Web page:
The golden rule of pannier packing is: your luggage will expand or contract to fit the space available. If you use big panniers, you’ll fill them. If you use small panniers, you’ll fill them - but with a lighter load that’s easy to carry.
For a long weekend away in the UK, around 25 litres of luggage space per person is feasible and around 50 litres is ample, assuming you’re staying at B&Bs, hotels or youth hostels. (A typical, medium-sized suitcase holds 60 litres.) So you could use two front/universal panniers for yourself. Or you could use two rear panniers and carry the luggage for two people - your partner’s, perhaps, or one of your children’s. If you want to carry more than this you can, but any hills will be commensurately harder.

Progressive plan Cycling Before you can fit panniers you’ll need a luggage carrier (or rack) on the bike. The carrier fits to threaded eyelets in the frame near to the rear drop-outs and high up on the seatstays. If your bike lacks the upper set, it’s possible to use little band-on brackets called P-clips instead. If it lacks the lower set, which bears the greater part of the load, you can’t securely fit a rear rack; P-clips aren’t strong enough there. Note that while many hybrids have rack eyelets, a tot of mountain bikes don’t.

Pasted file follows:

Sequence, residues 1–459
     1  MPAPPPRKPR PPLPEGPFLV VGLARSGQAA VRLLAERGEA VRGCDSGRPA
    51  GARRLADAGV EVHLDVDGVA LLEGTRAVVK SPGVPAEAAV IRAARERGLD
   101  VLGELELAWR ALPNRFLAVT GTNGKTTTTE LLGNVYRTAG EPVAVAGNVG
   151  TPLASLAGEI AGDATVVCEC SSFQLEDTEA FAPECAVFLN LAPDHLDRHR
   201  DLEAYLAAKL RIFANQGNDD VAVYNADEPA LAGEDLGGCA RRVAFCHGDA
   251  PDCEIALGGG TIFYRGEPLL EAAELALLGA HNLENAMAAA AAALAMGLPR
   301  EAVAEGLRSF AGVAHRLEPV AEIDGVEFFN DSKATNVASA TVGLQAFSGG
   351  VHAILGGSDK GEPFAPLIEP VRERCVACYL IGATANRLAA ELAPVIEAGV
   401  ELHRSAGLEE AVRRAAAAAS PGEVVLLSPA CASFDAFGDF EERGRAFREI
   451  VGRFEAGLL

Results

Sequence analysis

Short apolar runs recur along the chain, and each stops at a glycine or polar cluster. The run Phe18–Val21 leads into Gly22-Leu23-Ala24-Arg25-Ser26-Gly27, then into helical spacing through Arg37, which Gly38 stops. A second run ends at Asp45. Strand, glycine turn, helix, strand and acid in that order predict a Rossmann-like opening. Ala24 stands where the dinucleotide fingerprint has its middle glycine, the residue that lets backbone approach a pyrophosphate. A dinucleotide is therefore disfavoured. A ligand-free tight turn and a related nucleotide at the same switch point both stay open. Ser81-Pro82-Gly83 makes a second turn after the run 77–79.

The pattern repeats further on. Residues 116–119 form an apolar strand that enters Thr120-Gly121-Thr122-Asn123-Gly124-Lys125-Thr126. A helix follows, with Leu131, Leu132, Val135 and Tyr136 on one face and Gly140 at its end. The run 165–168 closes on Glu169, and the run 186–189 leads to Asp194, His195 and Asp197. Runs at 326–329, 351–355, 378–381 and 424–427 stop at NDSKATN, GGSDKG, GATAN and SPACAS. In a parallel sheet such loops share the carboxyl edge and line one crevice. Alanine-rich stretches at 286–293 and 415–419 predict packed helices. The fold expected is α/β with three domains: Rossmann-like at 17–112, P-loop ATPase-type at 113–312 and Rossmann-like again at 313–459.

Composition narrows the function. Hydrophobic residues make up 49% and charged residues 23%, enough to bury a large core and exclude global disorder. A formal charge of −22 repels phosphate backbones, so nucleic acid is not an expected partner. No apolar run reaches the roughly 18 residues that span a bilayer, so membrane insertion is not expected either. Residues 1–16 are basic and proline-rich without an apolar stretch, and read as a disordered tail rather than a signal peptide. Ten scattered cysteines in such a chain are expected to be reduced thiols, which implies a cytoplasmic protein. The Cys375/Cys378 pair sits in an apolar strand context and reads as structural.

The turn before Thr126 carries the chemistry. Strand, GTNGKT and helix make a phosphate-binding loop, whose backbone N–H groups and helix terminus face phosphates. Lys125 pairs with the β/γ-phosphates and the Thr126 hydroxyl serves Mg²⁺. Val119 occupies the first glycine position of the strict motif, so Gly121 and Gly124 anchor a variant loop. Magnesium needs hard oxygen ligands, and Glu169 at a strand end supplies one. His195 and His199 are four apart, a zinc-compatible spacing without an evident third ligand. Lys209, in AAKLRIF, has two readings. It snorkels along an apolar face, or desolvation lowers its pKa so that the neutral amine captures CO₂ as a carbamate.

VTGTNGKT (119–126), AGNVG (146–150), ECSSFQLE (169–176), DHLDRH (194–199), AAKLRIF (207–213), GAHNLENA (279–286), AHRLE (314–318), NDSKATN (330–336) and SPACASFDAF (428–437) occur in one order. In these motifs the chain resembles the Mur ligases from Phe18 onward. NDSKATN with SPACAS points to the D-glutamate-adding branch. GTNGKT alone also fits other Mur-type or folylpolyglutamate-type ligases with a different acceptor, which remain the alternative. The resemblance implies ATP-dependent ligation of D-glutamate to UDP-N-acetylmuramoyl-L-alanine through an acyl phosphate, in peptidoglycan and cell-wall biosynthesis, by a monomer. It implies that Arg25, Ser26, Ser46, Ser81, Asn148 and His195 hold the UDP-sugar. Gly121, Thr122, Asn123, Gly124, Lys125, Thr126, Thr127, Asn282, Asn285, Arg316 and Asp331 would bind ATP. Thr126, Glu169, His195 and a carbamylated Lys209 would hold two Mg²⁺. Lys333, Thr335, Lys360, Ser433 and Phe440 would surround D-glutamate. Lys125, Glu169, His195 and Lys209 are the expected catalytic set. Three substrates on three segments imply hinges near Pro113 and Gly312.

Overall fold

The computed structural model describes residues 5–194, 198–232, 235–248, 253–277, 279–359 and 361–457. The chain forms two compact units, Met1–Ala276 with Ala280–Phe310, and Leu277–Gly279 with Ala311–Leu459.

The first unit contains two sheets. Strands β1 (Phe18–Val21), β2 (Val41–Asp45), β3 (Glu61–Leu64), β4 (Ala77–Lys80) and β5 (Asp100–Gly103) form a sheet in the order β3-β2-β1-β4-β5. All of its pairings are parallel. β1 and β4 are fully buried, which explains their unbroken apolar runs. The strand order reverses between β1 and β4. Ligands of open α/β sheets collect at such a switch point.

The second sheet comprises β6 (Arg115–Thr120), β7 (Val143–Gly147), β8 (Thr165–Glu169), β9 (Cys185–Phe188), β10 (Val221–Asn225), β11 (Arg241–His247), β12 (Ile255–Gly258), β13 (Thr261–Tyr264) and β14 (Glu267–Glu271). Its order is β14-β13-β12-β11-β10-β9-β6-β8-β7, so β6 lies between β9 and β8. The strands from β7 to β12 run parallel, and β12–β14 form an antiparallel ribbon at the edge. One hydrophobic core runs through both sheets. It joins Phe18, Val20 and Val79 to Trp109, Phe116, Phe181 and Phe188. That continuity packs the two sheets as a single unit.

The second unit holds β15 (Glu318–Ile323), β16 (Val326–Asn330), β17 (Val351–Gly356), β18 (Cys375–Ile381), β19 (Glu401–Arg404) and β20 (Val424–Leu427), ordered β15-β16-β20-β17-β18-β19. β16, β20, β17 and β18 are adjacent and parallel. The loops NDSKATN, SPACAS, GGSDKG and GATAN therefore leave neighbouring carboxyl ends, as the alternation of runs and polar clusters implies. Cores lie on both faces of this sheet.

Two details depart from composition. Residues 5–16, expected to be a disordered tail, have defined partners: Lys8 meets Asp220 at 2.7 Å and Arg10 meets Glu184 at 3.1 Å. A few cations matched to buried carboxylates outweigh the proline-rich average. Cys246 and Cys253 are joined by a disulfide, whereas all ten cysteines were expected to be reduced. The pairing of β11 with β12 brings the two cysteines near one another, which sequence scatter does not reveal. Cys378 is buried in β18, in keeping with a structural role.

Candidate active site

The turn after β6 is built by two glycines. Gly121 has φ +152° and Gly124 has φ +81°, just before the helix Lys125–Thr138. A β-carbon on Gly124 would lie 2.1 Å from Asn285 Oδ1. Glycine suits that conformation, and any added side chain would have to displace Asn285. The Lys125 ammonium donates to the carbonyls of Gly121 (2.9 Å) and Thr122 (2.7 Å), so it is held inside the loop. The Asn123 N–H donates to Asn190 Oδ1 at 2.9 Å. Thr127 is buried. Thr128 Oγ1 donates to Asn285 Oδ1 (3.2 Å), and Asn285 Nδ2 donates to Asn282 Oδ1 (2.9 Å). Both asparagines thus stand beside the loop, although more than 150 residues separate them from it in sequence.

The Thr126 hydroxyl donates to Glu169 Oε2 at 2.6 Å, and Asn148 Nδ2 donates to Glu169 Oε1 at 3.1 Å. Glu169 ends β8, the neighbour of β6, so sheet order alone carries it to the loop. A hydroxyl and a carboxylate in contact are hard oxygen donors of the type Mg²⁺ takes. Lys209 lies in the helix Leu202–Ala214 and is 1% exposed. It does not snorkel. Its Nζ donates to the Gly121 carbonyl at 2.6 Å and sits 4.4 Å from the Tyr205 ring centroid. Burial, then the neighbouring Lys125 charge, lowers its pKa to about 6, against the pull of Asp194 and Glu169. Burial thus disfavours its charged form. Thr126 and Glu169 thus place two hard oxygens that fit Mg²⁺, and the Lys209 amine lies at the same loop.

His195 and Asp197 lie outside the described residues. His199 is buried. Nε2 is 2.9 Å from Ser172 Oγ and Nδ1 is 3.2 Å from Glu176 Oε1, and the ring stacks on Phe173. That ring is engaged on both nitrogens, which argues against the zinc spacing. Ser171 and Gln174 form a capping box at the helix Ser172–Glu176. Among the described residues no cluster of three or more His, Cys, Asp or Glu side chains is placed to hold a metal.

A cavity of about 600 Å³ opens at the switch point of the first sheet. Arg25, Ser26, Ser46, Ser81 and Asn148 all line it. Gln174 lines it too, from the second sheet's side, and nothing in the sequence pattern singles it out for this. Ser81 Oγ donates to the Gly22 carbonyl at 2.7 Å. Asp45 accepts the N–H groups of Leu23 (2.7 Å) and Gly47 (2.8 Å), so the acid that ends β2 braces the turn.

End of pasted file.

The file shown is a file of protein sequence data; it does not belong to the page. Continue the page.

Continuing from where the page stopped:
Road signs are designed tar motor traffic and will guide you down the biggest, quickest roads. Invest in a detailed map so you can plot your own route instead.

Busy roads make touring like commuting, and if you’re accompanied by less confident cyclists even a few miles on one can spoil your whole day. Use minor roads, or when they’re unavailable, B roads. Since the shortest point between two places will often be linked by the biggest road, this will often mean taking a longer, more roundabout route. But that’s the essence of touring anyway; enjoying the journey, not minimising the journey time.